Barbara has completed PDs on Behavioral spending, taxes, paying for college, insurance, investing, credit, career and banking and budgeting. She also enjoys the mini PDs that she can do on her own.  Her favorite takeaways from these are the case studies and activities introduced during the PD.  She reviews the materials when setting her lesson plans and incorporates what she can.  One example she gave was how she used a behavioral spending lesson in her Intro to Business class when discussing consumers, but from the angle of how companies could take advantage of that knowledge when selling their products.  Barbara also enjoys the mini PDs that can be done on your own.


Barbara had trouble listing one favorite NGPF activity, but really likes how the case studies are so well laid out and pull a concept together for her students.  She also mentioned FinCap Fridays, the video library and games for reinforcement.  She sometimes looks to the Middle School materials to help a special ed student grasp a concept.


Advocacy Work (in Barb’s words)

  • How did you first get started in Advocacy? What was your first activity?

I received my first grant back in 2007 from the state of Connecticut to start a personal finance course at our school.  It's funny but from the time I taught this for the first time I knew it was something that all students needed.  Next, we added an honors level. I have been discussing with principals, BOE members and anyone that would listen that we needed to make this a graduation requirement.  Our most recent principal decided to meet with all seniors in small groups.  He came into my classroom one day and asked if I was setting him up - I laughed and said not to my knowledge. He shared that every senior that had taken personal finance wanted to know why this was not a graduation requirement. It was the catalyst that was needed.  We went to the BOE and starting with the class of 2023, it is now a graduation requirement.  Students have three choices: the college level, the regular level, or a full year consumer math class that is both a math credit and fits the requirement.


  • Where did you go for guidance?

I used any materials I could find that show why this was important, any PD I went to - the Jump$tart National Conference was a great place to find information and speak with teachers from other states.  Maybe a little shaming regarding all the schools in our state and states in our country that were ahead of us. Lots of emails to Tim at NextGen and community members that work in the financial field.  Former and current students and parents.  My son, who I required to take my class. 


  • Please fill us in on what you have been fighting for and share your successes

So most recently I have been working with Christian from NextGen and the fight to get our state to make it a graduation requirement.  In March two current students, one former student, a parent who has been speaking to my classes for 19 years and myself went to the state Capital to testify to the education committee.  It was rather nerve wracking as we listened to them say they did not want any more requirements on the districts.  We got up to testify and to say I was a proud teacher does not cover it. We were polite but forceful and really laid out why this had to happen.  I told them how long I had been waiting for this and gave as passionate a statement as I could.  We each spoke for three minutes, and they asked questions for the next 20. It was amazing,  They voted it out of the education committee 28 to 2. It went on to the house, the senate and then back to the house and was voted through 138 to 12. Our school, students and I got a shout out on the house floor the night of the voting. It was awesome.   (Barb explained to me that she watched the debate on the house floor, frustrated by the naysayers, but then she watched the board light up with green as it passed overwhelmingly!) The governor recently signed it into law.  Both my current students and the one that was in her senior year at Trinity knew the importance of this and their passion and mine I believe made a difference. Connecticut became the 21st state to mandate it!  We are hoping to be invited to the ceremonial signing.  Teaching is my second career. I was an HR professional for 15 years prior to coming into education, I always tell my students they will end up exactly where they belong, and this is where I belong.  I also said I would not retire until Connecticut made it a law, although I am not retiring yet, when I do, I will know I did all I could!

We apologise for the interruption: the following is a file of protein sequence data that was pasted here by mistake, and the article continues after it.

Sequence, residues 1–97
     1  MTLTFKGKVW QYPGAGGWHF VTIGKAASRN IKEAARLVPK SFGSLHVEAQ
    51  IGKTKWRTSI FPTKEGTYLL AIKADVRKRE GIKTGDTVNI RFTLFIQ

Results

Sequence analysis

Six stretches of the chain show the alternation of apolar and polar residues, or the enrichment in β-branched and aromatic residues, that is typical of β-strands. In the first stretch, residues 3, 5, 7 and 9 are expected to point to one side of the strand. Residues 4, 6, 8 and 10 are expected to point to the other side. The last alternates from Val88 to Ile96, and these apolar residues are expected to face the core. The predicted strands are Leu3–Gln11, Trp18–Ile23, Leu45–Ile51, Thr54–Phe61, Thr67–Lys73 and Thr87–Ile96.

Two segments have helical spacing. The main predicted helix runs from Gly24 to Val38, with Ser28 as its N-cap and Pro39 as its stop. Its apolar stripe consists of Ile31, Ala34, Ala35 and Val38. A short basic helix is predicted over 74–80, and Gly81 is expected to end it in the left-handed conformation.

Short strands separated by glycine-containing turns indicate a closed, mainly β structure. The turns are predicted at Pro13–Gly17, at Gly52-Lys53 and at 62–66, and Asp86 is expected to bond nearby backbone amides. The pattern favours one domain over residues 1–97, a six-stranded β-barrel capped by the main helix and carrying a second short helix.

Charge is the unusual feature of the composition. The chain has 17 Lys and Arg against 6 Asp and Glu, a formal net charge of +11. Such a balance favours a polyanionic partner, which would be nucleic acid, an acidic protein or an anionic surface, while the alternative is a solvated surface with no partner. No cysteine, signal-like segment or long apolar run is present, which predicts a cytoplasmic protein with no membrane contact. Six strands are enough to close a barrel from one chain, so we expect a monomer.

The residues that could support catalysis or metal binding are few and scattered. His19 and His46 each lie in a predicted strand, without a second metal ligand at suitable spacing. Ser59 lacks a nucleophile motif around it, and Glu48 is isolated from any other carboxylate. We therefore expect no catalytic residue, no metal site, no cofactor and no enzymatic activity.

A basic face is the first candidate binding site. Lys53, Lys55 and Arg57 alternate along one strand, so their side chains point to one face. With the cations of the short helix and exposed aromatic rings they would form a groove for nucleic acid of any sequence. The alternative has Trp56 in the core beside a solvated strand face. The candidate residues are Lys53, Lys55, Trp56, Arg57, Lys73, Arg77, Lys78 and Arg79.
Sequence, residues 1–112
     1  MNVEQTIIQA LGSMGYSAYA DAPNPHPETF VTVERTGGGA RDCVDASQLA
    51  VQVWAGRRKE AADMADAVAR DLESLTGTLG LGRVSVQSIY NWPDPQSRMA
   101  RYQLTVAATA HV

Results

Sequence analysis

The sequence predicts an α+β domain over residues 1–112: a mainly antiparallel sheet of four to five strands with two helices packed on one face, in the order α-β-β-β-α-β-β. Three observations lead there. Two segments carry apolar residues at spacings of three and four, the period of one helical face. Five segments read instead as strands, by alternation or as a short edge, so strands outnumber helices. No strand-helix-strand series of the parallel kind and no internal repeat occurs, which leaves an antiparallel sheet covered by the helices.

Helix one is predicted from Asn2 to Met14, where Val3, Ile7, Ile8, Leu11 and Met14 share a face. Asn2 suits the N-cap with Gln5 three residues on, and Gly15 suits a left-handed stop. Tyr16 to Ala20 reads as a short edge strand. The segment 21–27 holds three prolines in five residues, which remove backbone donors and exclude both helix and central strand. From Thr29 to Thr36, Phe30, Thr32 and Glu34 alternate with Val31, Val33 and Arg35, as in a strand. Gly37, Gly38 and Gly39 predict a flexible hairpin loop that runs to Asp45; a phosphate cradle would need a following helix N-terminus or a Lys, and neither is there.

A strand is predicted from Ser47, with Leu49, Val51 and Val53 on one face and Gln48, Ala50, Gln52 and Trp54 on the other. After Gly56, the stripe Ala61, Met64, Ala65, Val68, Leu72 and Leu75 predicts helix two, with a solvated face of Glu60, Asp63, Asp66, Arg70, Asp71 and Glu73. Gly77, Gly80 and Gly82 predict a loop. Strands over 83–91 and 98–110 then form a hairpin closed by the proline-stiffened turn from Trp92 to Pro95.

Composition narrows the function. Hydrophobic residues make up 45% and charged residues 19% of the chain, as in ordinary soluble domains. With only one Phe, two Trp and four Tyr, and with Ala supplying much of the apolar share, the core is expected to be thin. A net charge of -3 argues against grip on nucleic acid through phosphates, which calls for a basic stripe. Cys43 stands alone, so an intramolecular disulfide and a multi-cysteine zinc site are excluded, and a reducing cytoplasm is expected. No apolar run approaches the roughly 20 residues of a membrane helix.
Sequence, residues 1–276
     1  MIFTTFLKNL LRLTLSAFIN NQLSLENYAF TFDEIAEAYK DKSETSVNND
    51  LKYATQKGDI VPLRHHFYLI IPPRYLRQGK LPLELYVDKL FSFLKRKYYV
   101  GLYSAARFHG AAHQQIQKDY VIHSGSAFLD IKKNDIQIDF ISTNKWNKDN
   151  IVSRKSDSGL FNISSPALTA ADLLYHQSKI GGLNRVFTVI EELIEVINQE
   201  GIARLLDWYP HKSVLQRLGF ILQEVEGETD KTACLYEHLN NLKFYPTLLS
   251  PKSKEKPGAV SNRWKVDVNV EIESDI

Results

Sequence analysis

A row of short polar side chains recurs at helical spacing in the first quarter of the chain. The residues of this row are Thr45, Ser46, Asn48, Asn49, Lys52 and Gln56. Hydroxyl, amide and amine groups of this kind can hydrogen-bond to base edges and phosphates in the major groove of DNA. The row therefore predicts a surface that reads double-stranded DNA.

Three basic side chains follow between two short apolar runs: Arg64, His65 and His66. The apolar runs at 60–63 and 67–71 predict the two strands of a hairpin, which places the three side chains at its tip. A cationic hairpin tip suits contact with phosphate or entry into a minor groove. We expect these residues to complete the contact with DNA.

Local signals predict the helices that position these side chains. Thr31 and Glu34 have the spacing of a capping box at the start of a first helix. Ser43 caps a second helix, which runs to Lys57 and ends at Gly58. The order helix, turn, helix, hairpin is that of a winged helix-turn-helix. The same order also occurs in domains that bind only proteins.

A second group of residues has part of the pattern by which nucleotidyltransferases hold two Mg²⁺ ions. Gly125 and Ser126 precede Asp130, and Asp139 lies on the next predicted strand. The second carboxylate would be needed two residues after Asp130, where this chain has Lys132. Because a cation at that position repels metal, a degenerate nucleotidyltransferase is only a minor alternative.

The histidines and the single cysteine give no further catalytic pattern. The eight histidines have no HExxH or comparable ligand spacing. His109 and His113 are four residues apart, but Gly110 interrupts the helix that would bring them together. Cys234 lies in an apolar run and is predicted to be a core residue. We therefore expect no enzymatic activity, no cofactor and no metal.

What’s next for Barb? Retirement from teaching high school is on the horizon.  She isn’t sure what she will do after that, but she will undoubtedly still play a role in personal finance education.  


One of Barb’s probing questions as an advocate was “Do you want your children to learn about personal finance the way you did?”   Then watch the heads shake no.  


“You will never meet a parent that says ‘no, don’t teach my kids about personal finance.’”

About the Author

Beth Tallman

Beth Tallman entered the working world armed with an MBA in finance and thoroughly enjoyed her first career working in manufacturing and telecommunications, including a stint overseas. She took advantage of an involuntary separation to try teaching high school math, something she had always dreamed of doing. When fate stepped in once again, Beth jumped on the opportunity to combine her passion for numbers, money, and education to develop curriculum and teach personal finance at Oberlin College. Beth now spends her time writing on personal finance and financial education, conducts student workshops, and develops finance curricula and educational content. She is also the Treasurer of Ohio Jump$tart Coalition for Personal Financial Literacy.